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Checking the friction torque on the gearbox / prop

Roger Lee

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Hi All,



People always ask "How do I check the friction Torque on my gearbox / prop?" Many don't even know they should do this at each 100 hr. and / or the Annual Condition Inspection. If you have taken a Rotax maint class you have most likely been taught this. It is a very easy process. If you haven't had a Rotax class then make sure your mechanic does this procedure during the inspection. It is one of the items in the Line Maint. check off sheet for inspections. You have to list the value that you obtain from this test. FD allows for the owner to do some maint and the engine inspection if you have taken an approved appropriate level Rotax class.


Rotax Line maint manual:



The crank shaft lock procedure is in the Rotax Line Maint. manual in section 12-20-00 paragraph 7 page 19.

The actual procedure for the friction torque test is section 12-20-00 paragraph 15 page 67.


This is a fairly easy procedure, but it really helps to have someone show you the first time. I always recommend that everyone take a Rotax class because you will then have the correct knowledge to do a procedure, keep yourself from causing any damage and know what and how a mechainic should being doing for your maint. or inspection. Even if you don't do any of your own work then you will know what needs to be done, why and how.


My last note here is for the SLSA group to make sure you don't do any maint. that you aren't legally allowed to do as per the Mfg. and FAA, or haven't been trained to do and to get the Rotax training so you will be legal and have the knowledge to do it properly so as not to cost you big bucks later. With the proper Rotax training SLSA Mfg's give you permission under certain areas in their manuals to do certain procedures if you have had the proper training.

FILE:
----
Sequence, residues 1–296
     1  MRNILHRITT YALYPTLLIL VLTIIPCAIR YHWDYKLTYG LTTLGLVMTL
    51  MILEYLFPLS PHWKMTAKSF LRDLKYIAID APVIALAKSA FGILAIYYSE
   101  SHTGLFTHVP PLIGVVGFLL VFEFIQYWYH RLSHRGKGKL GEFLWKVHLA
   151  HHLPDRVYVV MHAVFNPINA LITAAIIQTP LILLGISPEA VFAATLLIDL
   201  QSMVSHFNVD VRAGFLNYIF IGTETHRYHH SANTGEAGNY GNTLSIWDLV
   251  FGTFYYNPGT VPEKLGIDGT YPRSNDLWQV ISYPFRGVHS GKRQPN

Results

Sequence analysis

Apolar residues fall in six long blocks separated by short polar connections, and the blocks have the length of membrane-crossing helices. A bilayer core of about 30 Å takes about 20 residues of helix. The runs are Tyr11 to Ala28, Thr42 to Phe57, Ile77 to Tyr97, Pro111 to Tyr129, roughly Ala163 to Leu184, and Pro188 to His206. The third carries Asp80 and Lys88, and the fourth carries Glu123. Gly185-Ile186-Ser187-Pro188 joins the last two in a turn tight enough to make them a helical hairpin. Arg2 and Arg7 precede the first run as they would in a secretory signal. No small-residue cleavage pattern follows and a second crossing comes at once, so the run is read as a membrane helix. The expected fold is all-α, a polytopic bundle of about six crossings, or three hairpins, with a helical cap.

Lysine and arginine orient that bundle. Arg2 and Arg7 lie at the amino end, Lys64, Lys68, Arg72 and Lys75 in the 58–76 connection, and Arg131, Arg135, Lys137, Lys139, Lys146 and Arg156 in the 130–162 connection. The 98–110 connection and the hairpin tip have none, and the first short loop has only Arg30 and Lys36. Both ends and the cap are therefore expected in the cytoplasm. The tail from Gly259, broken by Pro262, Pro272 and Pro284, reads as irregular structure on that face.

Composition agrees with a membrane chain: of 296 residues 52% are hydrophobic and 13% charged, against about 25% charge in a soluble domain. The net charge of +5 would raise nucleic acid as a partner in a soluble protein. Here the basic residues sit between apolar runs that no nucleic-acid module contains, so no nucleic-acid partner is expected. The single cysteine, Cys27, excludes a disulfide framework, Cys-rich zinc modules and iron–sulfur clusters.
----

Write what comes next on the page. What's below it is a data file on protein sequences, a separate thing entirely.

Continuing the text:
ELSA can do procedures without classes legally, but I would highly recommend against it. I get many calls where someone has gotten into some kind of trouble doing a procedure without the proper knowledge. Protect your investment and go to a Rotax class. The ELSA group can do their own Annual Condition Inspection with an approved 16 hour class and then send the paperwork to the FAA and they will send you a card back saying you are allowed to do the annual on that plane and no other. You can only do the inspection on the plane or planes that you personally own and nobody elses. If you are an ELSA or experimental and are not sure about a procedure the best medicine is a Rotax class, but if that isn't going to happen then get with a Rotax mechanic that can at least assist you and answer your questions before you start .


Here is a good video on the How to do it from R.O.A.N.





Being educated in your maint is the first step in flying safe. Without a sound engine, well maybe it is a good day to go to the movies and not fly.

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Roger is right about E-LSA owners needing to become familiar with the Rotax before they start working on it. Rotax classes would be good but as a minimum get the manuals and become familiar with them. I bring this up because, as some of you know, I decided to build a Vans RV-12 which is an E-LSA. So, I watch the Vans forum which has a section devoted to the 12. Many of the guys bring up questions about carb balance, purging, spark plug gap, etc. It is obvious they are not using the manuals. For example, one question had to do with plug gap and the old values were being brought up. The new values are in the latest rotax manual. This person was not using these manuals but at least asked the question.


The manuals are free to download from the rotax site.


In addition, the rotax site has all the latest bulletins, etc that affect your engine. You can even register your engine by serial number to get email alerts.

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